# Bayesian design for a small sample and how to include informed priors

I am new to Bayesian approaches so thank you in advance for your patience.

I am looking to investigate the influence of a specific type of brain lesion on the lateralization of verbal memory in a data set of 38 individuals with epilepsy.

My outcome of interest is verbal memory lateralization which can be typical (left) or atypical(right or bilateral). I also have information about other covariates that may be related to the outcome, including participants' handedness and speech lateralization.

I am interested in using a Bayesian approach to analyze this data given the small sample. My questions are:

1. What would be the best Bayesian approach to answering my research question (is there substantial evidence that this lesion influences lateralization)?

2. What would be the best way to include informed priors? I may be able to find information about the covariates, e.g. incidence of handedness and/or speech lateralization in the epilepsy population, but there is not much research about the outcome (memory lateralization).

3. Can you recommend any programs in R that would be appropriate for the recommended approach?

Thank you so much for your responses!

The easiest approach is to let $$\theta = P(\mathrm{Left\; Lat)},$$ ignoring the distinction between Right and Bi-lateralization. Then find the number $$x$$ with Left lateralization in your sample of $$n = 38.$$

With an uninformative prior such as $$\theta \sim \mathsf{Beta}(.5,.5),$$ a Jeffreys prior distribution, and with data $$x = 30,$$ your posterior distribution on $$\theta$$ would be $$\mathsf{Beta}(30.5, 8.5).$$ Then a Bayesian posterior estimate of $$\theta$$ is $$E(\theta) = \frac{30.5}{30.5+8.5} = 78.2.$$ Also, a 95% Bayesian posterior interval estimate of $$\theta$$ ('credible interval') would be $$(0.641,0.895),$$ as computed in R below.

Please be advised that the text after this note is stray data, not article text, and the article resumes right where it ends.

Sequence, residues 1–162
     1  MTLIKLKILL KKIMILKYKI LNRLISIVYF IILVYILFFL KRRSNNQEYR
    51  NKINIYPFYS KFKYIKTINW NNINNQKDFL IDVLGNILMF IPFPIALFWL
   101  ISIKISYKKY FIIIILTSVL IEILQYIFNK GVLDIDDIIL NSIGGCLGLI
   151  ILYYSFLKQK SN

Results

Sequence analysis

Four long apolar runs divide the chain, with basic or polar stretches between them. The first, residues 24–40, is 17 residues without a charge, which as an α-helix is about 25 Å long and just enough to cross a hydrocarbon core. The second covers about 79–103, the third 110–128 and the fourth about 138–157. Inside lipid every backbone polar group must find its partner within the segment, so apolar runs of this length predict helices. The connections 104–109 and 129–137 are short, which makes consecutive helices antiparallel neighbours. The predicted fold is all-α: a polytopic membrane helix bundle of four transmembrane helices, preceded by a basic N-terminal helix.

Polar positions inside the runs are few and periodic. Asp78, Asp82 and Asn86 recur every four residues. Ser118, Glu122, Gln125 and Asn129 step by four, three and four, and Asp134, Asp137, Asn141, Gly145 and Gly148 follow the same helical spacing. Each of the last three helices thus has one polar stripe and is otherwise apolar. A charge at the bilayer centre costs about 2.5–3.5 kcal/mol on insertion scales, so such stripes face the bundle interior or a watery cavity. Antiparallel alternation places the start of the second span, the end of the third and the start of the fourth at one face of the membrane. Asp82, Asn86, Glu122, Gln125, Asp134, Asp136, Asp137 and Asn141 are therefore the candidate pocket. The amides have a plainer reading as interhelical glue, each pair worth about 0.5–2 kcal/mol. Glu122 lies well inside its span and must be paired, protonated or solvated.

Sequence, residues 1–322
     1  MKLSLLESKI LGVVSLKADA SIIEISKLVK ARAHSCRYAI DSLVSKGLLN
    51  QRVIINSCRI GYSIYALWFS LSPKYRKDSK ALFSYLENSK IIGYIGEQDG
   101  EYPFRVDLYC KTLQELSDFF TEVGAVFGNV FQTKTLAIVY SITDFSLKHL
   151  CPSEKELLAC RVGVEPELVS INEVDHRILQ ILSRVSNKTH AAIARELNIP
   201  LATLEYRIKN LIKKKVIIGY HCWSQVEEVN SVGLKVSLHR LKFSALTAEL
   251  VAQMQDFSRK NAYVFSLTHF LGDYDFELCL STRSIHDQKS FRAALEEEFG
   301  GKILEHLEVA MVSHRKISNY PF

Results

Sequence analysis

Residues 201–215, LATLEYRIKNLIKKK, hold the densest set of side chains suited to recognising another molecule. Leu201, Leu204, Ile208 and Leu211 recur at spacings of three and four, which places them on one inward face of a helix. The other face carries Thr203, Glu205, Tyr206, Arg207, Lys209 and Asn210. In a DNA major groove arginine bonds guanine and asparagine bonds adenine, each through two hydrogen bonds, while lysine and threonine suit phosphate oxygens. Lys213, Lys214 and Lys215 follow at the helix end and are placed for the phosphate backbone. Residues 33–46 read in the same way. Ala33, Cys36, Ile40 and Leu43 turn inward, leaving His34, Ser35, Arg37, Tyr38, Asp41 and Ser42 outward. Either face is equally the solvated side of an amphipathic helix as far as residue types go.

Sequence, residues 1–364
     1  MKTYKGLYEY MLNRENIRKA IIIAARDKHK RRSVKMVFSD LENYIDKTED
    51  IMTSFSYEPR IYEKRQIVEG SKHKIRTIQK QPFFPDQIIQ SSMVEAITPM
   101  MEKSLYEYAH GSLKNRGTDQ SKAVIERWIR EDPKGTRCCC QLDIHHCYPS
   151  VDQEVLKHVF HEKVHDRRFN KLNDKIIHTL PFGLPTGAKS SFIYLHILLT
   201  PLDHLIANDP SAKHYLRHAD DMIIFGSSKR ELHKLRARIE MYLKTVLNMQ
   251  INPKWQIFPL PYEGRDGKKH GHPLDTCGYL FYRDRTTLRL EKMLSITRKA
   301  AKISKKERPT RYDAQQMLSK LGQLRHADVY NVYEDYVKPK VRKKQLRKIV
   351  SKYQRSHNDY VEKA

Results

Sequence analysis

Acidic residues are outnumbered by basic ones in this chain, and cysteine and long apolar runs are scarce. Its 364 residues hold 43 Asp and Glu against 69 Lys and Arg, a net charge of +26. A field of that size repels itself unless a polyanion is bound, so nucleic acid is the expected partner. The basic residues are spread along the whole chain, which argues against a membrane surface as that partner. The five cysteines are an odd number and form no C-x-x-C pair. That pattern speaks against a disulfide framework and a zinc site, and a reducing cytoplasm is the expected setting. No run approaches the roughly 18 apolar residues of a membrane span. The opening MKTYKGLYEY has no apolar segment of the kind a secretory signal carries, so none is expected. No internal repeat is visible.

qbeta(c(.025,.975), 30.5, 8.5)
[1] 0.6416816 0.8951003


In that case, your prior distribution has very little effect on the result. Numerically, the Bayesian interval estimate is not substantially different from a frequentist 95% confidence interval based on $$30$$ binomial 'successes' in $$n = 38$$ trials.

An informative prior $$\theta \sim \mathsf{Beta}(200, 300)$$ would be consistent with belief that $$\theta \approx 0.6$$ and $$P(0.36 \le \theta \le 0.44) \approx 0.95.$$

qbeta(c(.025,.975), 200, 300)
[1] 0.3575005 0.4432573


With this prior and again data $$x=30$$ out of $$n=38$$ subjects, the posterior distribution is $$\mathsf{Beta}(230, 308),$$ the posterior mean is $$44.2$$ and a 95% Bayesian probability interval is $$(0.386,0,470).$$ In this case, the prior overwhelms the data, so that the result is mainly due to the prior.

qbeta(c(.025,.975), 230, 308)
[1] 0.3860167 0.4695124


How strong the prior distribution should be would depend upon how sure you are about $$\theta$$ after taking your past experience and your literature review into account. A productive approach is to seek an equitable balance between information from the prior and information from the data.

Bayes' Theorem. Both of the results above depend on using Bayes' Theorem to multiply the kernel of the beta prior (density function without norming constant) by the binomial likelihood to get eh kernel of the beta posterior distribution.

• Thank you so much BruceET! This is very helpful. – stefcorrect Aug 5 '20 at 13:29